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[GreenYes] News Release: 5 State pilot begins mercury thermostat collection at HHW facilities




-----Original Message-----
From: Terri Goldberg [mailto:tgoldberg@no.address]
Sent: Monday, May 01, 2006 11:34 AM
To: Mercury Policy, Legislation, and Regulations
Cc: Erin Linsky
Subject: [mercury_policy] Press Release: 5 State pilot begins mercury thermostat collection at HHW facilities


Please excuse any cross-postings.


























Media Contacts




Scott Cassel Mark Kohorst

Product Stewardship Institute Inc. Thermostat Recycling Corporation

617-236-4855 703-841-3249

scott@no.address mar_kohorst@no.address





Mercury thermostat collection at local sites

seeks to increase recycling opportunities

Five states to participate in pilot project





BOSTON, MA. May 1, 2006 - Starting in May, the Product Stewardship Institute, Inc. (PSI) and the Thermostat Recycling Corp. (TRC) will oversee a five-state pilot project to determine the feasibility of accepting mercury-containing building thermostats for recycling at local household hazardous waste (HHW) drop-off facilities. The pilot will run through the end of December of this year in Illinois, Minnesota, Wisconsin, Washington State, and Florida at approximately 50 sites determined by state officials. (A full list of facilities is attached.)



Under the pilot, permanent HHW collection facilities and short-term collection events will be outfitted with special bins to accept mercury thermostats. Staff at these facilities will be trained in the safe sorting and handling of these devices, which will ultimately be transported to a manufacturer site to be recycled. The three largest thermostat manufacturers (Honeywell, General Electric, and White-Rodgers) operate the recycling program through TRC, and provide the service at no charge to consumers.



"In the past, TRC's mercury thermostat recycling efforts have been primarily aimed at contractors who install these devices," said Scott Cassel, PSI's Executive Director. "This effort broadens the scope to people who replace their own thermostats. By providing convenient local collection sites, we hope to significantly increase thermostat recycling."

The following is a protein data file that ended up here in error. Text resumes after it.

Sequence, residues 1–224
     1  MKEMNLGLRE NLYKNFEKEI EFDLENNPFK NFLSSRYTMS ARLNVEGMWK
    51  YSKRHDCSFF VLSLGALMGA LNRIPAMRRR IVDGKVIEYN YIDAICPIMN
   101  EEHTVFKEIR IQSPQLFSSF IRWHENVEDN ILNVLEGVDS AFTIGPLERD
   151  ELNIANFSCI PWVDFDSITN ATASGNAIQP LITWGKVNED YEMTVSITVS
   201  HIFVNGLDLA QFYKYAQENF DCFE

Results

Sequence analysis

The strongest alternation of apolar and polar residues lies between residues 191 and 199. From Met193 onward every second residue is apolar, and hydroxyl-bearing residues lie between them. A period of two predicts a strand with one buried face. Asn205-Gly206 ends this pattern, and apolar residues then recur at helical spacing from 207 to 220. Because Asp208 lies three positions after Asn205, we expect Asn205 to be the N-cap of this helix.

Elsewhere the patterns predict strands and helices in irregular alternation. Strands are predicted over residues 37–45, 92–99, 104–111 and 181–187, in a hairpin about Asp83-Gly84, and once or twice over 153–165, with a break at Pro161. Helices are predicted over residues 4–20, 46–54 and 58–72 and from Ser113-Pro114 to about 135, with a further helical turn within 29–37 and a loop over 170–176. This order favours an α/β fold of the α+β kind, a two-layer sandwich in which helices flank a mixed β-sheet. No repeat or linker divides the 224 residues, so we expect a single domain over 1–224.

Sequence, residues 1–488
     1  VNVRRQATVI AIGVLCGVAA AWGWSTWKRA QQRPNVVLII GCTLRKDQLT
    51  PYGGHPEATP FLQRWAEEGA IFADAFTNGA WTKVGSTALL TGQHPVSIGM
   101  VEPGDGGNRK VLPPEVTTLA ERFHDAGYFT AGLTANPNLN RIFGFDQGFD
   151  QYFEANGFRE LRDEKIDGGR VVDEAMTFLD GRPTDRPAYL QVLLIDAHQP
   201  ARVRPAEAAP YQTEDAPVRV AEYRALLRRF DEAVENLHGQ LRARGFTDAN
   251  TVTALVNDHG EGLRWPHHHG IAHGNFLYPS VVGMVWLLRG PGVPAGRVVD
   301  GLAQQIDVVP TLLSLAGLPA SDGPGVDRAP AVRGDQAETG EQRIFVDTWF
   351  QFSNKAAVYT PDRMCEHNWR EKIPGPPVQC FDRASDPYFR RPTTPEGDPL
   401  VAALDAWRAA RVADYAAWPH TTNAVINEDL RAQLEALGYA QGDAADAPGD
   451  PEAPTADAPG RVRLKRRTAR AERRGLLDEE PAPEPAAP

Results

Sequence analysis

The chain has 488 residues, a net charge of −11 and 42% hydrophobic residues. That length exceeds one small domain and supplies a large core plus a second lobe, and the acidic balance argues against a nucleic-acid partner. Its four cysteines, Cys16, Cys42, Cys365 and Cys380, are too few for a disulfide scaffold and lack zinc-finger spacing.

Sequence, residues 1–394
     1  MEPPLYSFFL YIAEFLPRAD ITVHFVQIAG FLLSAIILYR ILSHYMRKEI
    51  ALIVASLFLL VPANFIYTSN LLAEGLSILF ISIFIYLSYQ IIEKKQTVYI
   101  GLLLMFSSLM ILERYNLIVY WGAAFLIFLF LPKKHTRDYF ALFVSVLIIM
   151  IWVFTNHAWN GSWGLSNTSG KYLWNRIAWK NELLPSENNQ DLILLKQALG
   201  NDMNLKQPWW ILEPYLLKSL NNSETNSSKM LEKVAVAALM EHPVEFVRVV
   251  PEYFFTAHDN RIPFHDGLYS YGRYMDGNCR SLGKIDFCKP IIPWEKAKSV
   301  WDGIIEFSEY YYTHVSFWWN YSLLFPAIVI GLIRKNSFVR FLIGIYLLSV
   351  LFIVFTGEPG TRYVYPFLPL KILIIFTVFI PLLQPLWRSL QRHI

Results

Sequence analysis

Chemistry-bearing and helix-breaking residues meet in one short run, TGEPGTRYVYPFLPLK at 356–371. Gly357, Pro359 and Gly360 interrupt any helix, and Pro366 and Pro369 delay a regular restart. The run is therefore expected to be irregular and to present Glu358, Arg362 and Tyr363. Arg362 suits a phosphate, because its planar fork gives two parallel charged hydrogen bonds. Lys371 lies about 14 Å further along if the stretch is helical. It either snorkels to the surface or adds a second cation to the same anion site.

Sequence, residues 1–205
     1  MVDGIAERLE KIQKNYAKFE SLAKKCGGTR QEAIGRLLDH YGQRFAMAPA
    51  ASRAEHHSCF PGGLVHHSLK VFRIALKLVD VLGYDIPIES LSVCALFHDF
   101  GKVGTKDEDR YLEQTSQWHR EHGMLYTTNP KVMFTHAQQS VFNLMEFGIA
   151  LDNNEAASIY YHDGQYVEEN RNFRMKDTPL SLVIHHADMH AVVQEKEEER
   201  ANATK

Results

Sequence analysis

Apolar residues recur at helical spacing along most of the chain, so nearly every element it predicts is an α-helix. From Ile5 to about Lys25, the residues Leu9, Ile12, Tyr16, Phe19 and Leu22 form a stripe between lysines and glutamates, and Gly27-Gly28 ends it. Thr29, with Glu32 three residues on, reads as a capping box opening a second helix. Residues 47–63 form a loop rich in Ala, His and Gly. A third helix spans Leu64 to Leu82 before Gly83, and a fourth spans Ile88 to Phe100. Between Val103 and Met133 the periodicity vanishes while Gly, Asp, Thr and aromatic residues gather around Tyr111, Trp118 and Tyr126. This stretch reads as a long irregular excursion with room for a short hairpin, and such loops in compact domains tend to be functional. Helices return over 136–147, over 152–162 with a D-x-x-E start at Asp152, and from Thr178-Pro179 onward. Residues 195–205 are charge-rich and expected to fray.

"This project is the latest in a series of program expansions that aim to capture as many mercury thermostats as possible," said Mark Kohorst, TRC Executive Director. "It is important that we eliminate the potential environmental impacts from our products all across their lifecycle."



"It is important to expand our efforts to collect and recycle as many mercury-containing products as possible to help prevent mercury releases in the environment," said Illinois Environmental Protection Agency Director Doug Scott. "This mercury recycling program is essential to provide for a healthier environment for future generations."



The pilot is part of a comprehensive mercury emissions reduction strategy PSI and TRC have developed to reduce the chances of mercury from thermostats being released into the environment. Currently, Oregon and Indiana are operating a PSI/TRC initiative to give financial incentives to thermostat installation contractors to recycle mercury thermostats they remove from buildings and replace them with new Energy Star qualified thermostats.



PSI also brokered an agreement between TRC, the state of Maine, and other stakeholders, which resulted in Maine's new law that requires manufacturers to provide a financial incentive valued at a minimum of $5 for the return of each mercury thermostat to an established collection point in Maine. The requirement, signed into law earlier this month, will set up systems for installers and consumers to safely recycle these devices.



Mercury pollution is a problem across the nation, with many rivers and lakes subject to mercury fish advisories. People can get exposed to mercury by eating contaminated fish. One of the many sources of mercury deposition in the environment can be mercury-containing products. Mercury containing products can lead to contamination when thrown in the trash, where they might be crushed, incinerated, or otherwise mismanaged in a way to cause airborne releases, after which mercury falls back to earth in rainwater.



Recycling mercury-containing thermostats is an effective way to address this problem, which is why thermostat manufacturers established the Thermostat Recycling Corporation in 1998. TRC has collected more than 430,000 mercury-containing thermostats since its inception. There are three grams of mercury in every mercury thermostat switch, and an average of four grams of mercury per thermostat because some thermostats have multiple switches. Most continue to be disposed in the trash, however, so there is a clear need for ways to grow the program further.



PSI is a national non-profit membership-based organization that assists 31 states and 28 local governments in pursuing initiatives to ensure that all those involved in the lifecycle of the product share responsibility for reducing its health and environmental impacts. For information on mercury thermostats, go to: http://www.productstewardship.us/displayPage.php?pageid=70.



TRC is a private, industry-funded corporation established by the thermostat manufacturing industry. TRC works with the EPA and state environmental officials for the sole purpose of recycling mercury thermostats nationwide. For information on TRC, go to: http://www.nema.org/gov/ehs/trc/.





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